Friday, January 13, 2012

The Relativity of Economic Values

I'm currently reading Slavomir Rawicz's The Long Walk (Lyon's Press [1956] 2010), a supposedly* true tale of a young Polish calvaryman's escape from a Siberian gulag. I was struck by a scene in which prisoners and their guards, stranded by a blizzard in a Siberian forest on their way to the prison camp, are rescued by members of a local indigenous people, Ostyaks, with sleds pulled by teams of reindeer. Of their rescuers, Rawicz writes:
They coveted from the Army only the empty tins which, by order, were always carefully preserved. Their interest in metalware revealed their primitive background. Metal was scarce but skins and timber were plentiful. So there was a good deal of surreptitious bartering between them and the Army cooks of skins for tins. A sable for an empty meat tin was a bargain for both sides and a lesson for the rest of us in relative values. The tins, they told us, were for use as cooking utensils and would be highly prized by the women when they returned home.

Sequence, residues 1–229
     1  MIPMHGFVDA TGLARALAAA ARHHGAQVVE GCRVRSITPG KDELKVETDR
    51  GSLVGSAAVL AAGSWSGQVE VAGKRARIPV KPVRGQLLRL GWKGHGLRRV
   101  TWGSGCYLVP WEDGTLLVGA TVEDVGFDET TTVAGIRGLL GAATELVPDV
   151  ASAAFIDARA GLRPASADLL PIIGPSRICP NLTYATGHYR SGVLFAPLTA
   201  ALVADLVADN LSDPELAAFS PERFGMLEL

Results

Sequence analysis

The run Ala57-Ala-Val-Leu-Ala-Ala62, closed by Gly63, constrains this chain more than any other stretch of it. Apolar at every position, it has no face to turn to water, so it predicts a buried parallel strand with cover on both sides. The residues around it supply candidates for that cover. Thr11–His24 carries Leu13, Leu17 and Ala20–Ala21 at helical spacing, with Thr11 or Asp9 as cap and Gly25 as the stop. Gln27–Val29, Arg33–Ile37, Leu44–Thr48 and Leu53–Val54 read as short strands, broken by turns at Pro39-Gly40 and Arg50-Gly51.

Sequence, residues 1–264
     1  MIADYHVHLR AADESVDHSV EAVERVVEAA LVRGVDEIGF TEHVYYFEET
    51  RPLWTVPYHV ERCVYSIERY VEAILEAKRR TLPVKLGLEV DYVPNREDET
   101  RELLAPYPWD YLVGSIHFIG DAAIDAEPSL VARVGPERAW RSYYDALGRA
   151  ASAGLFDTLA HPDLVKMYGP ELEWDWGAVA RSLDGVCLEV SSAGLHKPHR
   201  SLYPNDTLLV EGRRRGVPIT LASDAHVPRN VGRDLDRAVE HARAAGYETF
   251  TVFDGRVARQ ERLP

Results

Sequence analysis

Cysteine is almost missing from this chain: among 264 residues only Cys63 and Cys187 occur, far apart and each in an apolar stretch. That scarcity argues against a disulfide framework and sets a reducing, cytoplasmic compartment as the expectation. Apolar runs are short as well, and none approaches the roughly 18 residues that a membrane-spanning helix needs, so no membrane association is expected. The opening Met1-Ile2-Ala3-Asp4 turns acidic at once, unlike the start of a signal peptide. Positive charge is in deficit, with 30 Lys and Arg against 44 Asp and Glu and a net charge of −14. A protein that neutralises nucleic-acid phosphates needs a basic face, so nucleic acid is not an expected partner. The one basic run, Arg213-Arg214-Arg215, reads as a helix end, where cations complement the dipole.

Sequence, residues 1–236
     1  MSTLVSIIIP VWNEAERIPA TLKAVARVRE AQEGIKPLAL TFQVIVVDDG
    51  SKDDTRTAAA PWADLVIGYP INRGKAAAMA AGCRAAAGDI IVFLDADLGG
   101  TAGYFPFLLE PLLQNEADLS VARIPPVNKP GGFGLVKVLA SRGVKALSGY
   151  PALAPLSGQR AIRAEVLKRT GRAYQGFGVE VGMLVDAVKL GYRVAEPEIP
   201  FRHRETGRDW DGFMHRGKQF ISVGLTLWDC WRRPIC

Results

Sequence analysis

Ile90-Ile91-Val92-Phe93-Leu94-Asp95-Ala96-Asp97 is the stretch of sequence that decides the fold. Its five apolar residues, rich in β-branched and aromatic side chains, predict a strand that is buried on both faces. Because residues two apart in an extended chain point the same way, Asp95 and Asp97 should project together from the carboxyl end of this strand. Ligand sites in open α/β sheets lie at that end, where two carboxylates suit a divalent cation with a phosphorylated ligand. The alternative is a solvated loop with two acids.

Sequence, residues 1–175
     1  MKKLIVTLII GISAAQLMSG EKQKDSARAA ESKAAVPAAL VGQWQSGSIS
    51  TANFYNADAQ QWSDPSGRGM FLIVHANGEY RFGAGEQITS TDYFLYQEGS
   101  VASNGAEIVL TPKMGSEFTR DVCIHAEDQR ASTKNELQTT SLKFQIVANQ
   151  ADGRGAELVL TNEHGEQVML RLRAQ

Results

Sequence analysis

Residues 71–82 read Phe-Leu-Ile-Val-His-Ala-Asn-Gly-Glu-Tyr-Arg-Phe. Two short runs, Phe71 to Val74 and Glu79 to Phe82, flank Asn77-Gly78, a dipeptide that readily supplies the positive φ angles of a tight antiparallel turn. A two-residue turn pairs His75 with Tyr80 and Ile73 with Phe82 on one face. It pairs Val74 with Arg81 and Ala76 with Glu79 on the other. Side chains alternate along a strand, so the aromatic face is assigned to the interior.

*Serious doubts persist about (a) whether the story is true and (b), if true, whether it is Rawicz's own story. Fiction or non-fiction, it is an absorbing read. I might add that my wife's grandfather, who was sent to Siberia (from Wilno, now Vilnius) because he refused to be conscripted into Soviet Russia's "Polish Army," did walk out of Siberia back to his home, where, at first, his wife was completely unable to recognize him.

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